The “He said” Horrors

Another in my occasional series of blogs to prove that I know everything there is to know about writing.

Some people call them ‘tags’, others ‘identifiers’ – those bits you add after a character’s speech such as ‘he said’, ‘John growled’, ‘she exclaimed’ etc etc. The best advice I can give here is to think of them as gold coins: try to get what you need while spending as few as possible!

It should be possible, especially if there are only two people present in a scene, to get away with quite a bit of unattributed dialogue. If the conversation goes on for a while, you will need to toss in the odd he said/she said to allow the reader to easily keep track of who is speaking, but avoid the temptation to prevent things becoming boring by embellishing all the time.

Over-doing the whole ‘he grumbled’, ‘she complained’ thing is one of the things that will often mark you out to an editor as an inexperienced writer. There are times when a bit of added information will help. ‘Thank you very much’ sounds pretty straightforward – but it might well be said sarcastically, grudgingly or whatever and the reader might not be able to pick up on that without being told. (Although even then it can sometimes still be obvious within the context of the conversation.) Often, though, these additions simply clutter the writing and interrupt the flow of the dialogue and are simply not necessary.

This is especially true of the self-evident ones:

‘I HATE you!’ he said angrily

‘I’m going to kill you,’ he said menacingly

As with many other aspects of writing, and with the proviso that this is coming from an unashamedly minimalistic writer, the bottom line is to examine whether certain words are necessary, whether they add anything useful, and if not leave them out.

Advertisements

About ramblesofawriter

Writer, thinker, tea drinker.
This entry was posted in Uncategorized and tagged , , , , , , . Bookmark the permalink.

2 Responses to The “He said” Horrors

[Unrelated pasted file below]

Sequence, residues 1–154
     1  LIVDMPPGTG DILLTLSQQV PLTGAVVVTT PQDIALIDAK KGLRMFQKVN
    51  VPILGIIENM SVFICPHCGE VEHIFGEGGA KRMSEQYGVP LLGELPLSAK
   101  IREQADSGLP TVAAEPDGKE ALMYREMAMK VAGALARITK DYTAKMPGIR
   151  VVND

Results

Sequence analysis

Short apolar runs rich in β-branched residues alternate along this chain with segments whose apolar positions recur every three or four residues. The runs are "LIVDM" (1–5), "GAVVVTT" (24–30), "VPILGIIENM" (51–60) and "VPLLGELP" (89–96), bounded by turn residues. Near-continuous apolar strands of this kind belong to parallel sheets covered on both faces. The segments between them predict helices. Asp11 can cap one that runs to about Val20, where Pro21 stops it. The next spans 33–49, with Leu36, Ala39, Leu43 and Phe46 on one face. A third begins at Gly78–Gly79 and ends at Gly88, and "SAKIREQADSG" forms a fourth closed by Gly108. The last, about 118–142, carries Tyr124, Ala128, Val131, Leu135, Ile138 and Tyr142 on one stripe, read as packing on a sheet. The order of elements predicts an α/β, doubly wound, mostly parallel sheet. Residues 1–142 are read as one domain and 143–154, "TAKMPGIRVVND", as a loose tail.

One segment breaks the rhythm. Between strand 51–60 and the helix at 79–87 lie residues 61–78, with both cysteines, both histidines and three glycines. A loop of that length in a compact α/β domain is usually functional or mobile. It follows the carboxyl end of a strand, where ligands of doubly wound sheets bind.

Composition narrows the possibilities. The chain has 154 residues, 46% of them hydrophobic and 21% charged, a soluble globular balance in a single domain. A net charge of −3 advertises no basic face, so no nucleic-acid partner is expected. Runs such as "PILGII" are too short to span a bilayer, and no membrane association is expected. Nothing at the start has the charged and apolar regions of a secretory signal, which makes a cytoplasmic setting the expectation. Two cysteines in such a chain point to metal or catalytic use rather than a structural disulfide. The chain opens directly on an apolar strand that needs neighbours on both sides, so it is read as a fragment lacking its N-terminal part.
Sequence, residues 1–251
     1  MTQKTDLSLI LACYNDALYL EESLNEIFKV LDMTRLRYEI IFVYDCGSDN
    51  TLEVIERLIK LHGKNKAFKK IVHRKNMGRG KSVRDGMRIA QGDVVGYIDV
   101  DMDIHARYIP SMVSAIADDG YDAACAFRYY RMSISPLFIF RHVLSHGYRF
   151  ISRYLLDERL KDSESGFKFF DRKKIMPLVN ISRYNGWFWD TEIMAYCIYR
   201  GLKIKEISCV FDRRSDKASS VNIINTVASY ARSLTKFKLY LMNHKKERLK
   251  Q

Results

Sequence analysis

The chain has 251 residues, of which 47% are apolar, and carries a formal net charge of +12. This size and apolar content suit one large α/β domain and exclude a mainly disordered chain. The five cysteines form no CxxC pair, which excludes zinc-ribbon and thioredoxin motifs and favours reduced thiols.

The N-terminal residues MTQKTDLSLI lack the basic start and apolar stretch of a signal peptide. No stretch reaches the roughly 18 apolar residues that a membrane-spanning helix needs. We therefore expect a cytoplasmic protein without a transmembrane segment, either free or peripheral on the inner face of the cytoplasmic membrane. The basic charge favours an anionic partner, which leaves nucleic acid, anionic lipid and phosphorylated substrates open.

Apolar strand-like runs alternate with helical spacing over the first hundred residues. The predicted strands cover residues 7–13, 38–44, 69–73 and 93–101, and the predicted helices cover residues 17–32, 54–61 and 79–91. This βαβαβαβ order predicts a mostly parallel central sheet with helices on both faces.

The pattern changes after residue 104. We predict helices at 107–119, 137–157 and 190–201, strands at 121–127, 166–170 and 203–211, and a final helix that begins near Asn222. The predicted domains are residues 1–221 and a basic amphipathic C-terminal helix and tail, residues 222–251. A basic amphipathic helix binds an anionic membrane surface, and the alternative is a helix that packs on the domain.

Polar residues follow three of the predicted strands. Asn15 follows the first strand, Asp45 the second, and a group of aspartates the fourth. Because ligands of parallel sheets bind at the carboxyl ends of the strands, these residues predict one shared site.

1. chloefb says:

    That’s really weird… the last thing I did before opening my google reader to find this post at the top of it, was write an e-mail to someone who’s reading my current WIP explaining the difficulty of tagging! In my case, it isn’t conversation and he-saids-she-saids that’s tricky, but the fact that my book is written in multiple first-person viewpoints. Each chapter has to be tagged in the narrative as well as the dialogue. There’s one character I’m really struggling with because she’s been brought up in a really rough area, is working class and is also highly educated after putting herself through university. I’m finding it hard to get her dialect believable and not just middle-class with a few different patterns of speech thrown in. I will try to remember that less is more when I return to edit it!

    (I’m so paranoid about not over-tagging speech with variations on ‘said’, that sometimes now I have to go and put some back in because I’ve edited too harshly!)

  2. Dialect is very tricky in that way. I suppose the more you can ‘think yourself into’ the character the more naturally the way she speaks will come – but easier said than done! I find it helps to base characters on people I know or have met, people who you know well enought to predict the kind of things they say and how generally they react in different situations.

Leave a Reply

Fill in your details below or click an icon to log in:

WordPress.com Logo

You are commenting using your WordPress.com account. Log Out / Change )

Twitter picture

You are commenting using your Twitter account. Log Out / Change )

Facebook photo

You are commenting using your Facebook account. Log Out / Change )

Google+ photo

You are commenting using your Google+ account. Log Out / Change )

Connecting to %s